Originally published Feb. 3, 2016 4:41 p.m.
When we talk about severe weather, what does that mean? A thunderstorm is considered “severe” when it causes wind gusts of at least 58 miles per hour or hail at least one inch in diameter—that’s about the size of a quarter. If the National Weather Service believes a thunderstorm is capable of producing one of these conditions, they will issue a Severe Thunderstorm Warning for the area affected.
To avoid the threat from thunderstorms, remember to WATCH the weather. Check the weather forecast frequently. Also, be sure to check out the current weather in your area before participating in outdoor activities.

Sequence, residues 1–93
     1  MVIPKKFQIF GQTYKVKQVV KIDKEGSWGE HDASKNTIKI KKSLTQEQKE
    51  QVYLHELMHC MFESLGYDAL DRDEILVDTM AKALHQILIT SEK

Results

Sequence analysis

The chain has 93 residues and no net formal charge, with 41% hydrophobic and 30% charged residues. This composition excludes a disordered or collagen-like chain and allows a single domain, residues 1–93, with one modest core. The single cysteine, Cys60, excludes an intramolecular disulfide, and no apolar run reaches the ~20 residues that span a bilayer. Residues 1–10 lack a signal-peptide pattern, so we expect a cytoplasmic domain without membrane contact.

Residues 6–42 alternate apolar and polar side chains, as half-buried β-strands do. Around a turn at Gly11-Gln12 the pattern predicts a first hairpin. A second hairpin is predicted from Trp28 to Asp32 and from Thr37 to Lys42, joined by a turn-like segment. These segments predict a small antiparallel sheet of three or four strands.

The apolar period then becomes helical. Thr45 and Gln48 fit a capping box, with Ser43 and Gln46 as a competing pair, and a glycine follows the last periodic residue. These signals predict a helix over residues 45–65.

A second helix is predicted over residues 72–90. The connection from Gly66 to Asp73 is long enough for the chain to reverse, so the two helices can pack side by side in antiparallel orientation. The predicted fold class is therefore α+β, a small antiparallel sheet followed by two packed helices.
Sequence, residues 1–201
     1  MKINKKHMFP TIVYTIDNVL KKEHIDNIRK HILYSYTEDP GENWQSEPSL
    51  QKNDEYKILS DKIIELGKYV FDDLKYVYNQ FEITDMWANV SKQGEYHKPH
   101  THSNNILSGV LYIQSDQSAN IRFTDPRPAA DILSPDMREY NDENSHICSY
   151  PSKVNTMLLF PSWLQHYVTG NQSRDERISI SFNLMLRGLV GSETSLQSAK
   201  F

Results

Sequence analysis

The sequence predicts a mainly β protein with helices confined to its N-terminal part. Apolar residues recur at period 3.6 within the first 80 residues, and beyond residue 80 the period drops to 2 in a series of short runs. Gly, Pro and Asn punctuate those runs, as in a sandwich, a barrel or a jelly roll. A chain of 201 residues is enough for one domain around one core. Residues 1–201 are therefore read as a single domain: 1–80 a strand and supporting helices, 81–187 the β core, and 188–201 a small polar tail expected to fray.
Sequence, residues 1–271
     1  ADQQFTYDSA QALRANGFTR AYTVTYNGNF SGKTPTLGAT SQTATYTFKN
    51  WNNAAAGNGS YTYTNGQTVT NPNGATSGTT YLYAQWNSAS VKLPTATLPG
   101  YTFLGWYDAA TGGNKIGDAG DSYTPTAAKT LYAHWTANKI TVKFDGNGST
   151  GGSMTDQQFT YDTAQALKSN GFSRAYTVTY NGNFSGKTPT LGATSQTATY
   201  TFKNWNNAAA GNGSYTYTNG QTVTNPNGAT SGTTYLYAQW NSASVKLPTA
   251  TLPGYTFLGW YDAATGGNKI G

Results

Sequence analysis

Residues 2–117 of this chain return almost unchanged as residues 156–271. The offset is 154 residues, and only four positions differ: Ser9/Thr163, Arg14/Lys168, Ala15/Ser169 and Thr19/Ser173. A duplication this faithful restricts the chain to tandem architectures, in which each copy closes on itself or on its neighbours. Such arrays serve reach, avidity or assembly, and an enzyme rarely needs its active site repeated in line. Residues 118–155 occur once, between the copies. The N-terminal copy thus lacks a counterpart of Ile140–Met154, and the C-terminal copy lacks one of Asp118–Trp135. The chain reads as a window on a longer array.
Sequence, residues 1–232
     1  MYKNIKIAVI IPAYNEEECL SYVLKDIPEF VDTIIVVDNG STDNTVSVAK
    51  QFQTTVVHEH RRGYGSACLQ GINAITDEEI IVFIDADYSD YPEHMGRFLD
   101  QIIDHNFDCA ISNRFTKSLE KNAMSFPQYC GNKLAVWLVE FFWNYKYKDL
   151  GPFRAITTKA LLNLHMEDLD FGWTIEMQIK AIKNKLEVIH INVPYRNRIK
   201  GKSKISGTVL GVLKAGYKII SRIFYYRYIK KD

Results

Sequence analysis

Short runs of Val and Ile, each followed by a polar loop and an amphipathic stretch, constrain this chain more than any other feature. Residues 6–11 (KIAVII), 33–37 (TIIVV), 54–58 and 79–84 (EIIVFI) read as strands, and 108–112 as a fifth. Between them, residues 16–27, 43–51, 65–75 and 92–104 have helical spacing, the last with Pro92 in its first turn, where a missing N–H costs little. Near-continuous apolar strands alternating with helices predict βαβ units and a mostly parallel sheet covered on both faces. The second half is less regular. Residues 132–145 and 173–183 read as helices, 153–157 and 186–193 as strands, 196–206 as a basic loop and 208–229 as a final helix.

The second tip to staying safe is to LISTEN. If you hear thunder, go inside. That means the storm is close enough to you that you could possibly be struck by lightning. Stay inside for 30 minutes after hearing the last rumble of thunder.
Finally, RUN for cover! Thunderstorms can develop quickly. If a thunderstorm develops while you’re outside, go inside immediately. If there’s no building nearby, try to get in an automobile and close the doors and windows.
Remember to take all thunderstorms seriously, regardless of how strong they are, because it only takes one lightning strike to make all the difference.